The prisoners of the forts, like those of the pontoons, were fed on biscuits and bacon; later on, soup and broth were added on Sundays; knives and forks were forbidden; it cost several days’ struggle to get spoons. The profit of the sutler, which, according to the list of charges, ought to be limited to a tenth, reached as much as five hundred per cent.

At the Fort Boyard men and women were packed into the same enclosure, separated only by a screen. The women were forced to perform their ablutions under the eyes of the sentinels. Sometimes their husbands were in the neighbouring compartment. ‘We noticed,’ wrote a prisoner, ‘a young and beautiful woman, twenty years old, who fainted every time she was forced to undress.’[241]

According to much evidence which we have received, the most cruel prison was that of St. Marcouf. The prisoners remained there for over six months, deprived of air, light, and tobacco, forbidden to speak, having for their only nourishment the crumbs of brown biscuits and rancid fat. All were attacked with scurvy.

This continual severity got the better of the most robust constitutions; there were in consequence 2,000 sick in the hospitals. The official reports admit 1,179 dead out of 33,665 civil prisoners. This figure is evidently below the truth. During the first days at Versailles a certain number of individuals were killed, and others died without being counted. There were no statistics before the transfer to the pontoons. There is no exaggeration in saying that 2,000 prisoners died while in the hands of the Versaillese. A great number perished afterwards of anaemia, and of maladies contracted during their captivity.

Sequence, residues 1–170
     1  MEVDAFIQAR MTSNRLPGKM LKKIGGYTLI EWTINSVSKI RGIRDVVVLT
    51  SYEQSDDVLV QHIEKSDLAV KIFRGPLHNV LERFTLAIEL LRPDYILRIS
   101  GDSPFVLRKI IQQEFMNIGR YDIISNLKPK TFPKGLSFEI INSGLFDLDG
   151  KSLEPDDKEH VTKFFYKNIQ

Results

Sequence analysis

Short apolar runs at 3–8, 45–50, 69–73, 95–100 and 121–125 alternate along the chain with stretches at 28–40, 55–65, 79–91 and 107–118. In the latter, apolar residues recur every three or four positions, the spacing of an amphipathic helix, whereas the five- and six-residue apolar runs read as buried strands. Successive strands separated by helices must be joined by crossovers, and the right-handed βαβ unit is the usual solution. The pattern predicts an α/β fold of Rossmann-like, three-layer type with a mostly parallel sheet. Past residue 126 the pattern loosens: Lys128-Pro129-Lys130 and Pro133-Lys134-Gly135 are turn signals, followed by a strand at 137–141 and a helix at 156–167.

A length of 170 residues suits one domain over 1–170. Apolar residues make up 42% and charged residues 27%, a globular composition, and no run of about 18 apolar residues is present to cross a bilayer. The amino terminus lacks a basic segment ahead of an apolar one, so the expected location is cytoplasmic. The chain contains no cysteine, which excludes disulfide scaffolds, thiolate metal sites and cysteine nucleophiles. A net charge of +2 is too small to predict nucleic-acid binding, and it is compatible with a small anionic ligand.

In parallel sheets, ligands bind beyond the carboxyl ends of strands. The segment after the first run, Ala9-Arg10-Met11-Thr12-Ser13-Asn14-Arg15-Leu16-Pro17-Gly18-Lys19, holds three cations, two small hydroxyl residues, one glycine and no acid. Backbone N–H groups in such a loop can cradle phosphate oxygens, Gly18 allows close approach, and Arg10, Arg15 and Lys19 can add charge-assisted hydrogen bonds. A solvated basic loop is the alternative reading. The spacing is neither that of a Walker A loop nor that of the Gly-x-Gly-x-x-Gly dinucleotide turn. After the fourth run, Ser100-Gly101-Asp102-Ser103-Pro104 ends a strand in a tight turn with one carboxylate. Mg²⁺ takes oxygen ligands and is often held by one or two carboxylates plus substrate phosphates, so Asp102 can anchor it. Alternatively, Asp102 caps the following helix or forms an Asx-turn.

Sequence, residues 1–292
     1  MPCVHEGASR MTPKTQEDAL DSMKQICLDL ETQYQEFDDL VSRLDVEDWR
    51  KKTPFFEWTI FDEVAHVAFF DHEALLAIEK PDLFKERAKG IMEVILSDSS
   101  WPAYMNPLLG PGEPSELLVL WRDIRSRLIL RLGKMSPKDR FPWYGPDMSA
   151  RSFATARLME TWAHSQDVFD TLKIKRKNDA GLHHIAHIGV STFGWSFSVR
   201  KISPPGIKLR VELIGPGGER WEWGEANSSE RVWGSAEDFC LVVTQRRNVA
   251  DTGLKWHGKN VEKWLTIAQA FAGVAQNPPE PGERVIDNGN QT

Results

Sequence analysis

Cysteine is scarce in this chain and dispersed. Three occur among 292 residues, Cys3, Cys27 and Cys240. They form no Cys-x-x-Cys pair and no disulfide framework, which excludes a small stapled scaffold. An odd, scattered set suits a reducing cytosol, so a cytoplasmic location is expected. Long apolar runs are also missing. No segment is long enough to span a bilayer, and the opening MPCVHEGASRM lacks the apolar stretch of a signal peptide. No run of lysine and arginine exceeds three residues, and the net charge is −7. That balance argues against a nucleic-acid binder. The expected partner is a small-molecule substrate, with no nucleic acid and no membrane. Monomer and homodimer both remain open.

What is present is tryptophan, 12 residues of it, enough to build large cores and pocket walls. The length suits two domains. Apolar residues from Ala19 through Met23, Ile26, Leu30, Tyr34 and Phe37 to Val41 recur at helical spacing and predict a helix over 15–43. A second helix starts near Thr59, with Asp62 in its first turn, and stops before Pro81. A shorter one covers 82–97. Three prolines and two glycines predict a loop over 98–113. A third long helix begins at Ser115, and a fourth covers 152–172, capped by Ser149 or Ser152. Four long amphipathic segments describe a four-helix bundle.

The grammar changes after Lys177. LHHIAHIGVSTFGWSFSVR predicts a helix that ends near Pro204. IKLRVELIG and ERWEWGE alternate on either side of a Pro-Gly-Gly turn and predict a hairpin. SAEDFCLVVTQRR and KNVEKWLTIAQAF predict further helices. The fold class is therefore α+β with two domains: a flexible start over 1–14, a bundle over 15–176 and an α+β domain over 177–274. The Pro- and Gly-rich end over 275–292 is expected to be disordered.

Some idea of the tortures of the pontoons and the forts, far from the surveillance of public opinion, may be gathered from those that were openly displayed at Versailles,[242] under the eyes of the Government the Chamber, and the Radicals. Colonel Gaillard, chief of military justice, had said to the soldiers who guarded the prisoners of the Chantiers, ‘As soon as you see any one move, raising their arms, fire; it is I who give you the order.’

At the Grenier d’Abondance of the Western Railway there were eight hundred women. For weeks and weeks they slept on straw, were unable to change their linen. At the slightest noise, a quarrel, the guards threw themselves upon them, struck them, more especially on the breasts. Charles Mercereau, a former Cent-Garde, the governor of this sink, had those that displeased him tied down and then beat them with his cane. He led about over his dominions the ladies of Versailles, covetous of petroleuses, and before them said to his victims, ‘Come, hussies, cast down your eyes.’ And indeed that was the least our Federal women could do before these worthy persons.

Prostitutes, carried off in the razzias, and carefully kept there in order to spy upon the other prisoners, publicly abandoned themselves to the guardians. The protests of the women of the Commune were punished by blows with cords. With a refinement of infamy, the

Versaillese wished to bow down these valiant women to the level of the others. All the prisoners were subjected to inspection.

Dignity and outraged nature revenged themselves by terrible cries. ‘Where is my father? Where my husband? and my son? What! alone, quite alone, and all these cowards against me! I, the mother, the laborious wife, subjected to the whip, insult, and sullied by these unclean hands for having defended liberty!’ Many went mad. All passed through their hours of madness. Those who were pregnant miscarried or brought forth still-born children.

The priests were no more wanting in the prisons than at the shootings. The chaplain of Richemont said to the prisoners, ‘I know that I am here in a forest of Bondy’[243] but my duty,’ etc. On the day of St. Magdalene the Bishop of Algiers, making a delicate allusion to the saint of the day, said to them, ‘That they were all Magdalenes, but not repentant; that Magdalene had neither burned nor assassinated;’ and uttering other evangelical amenities.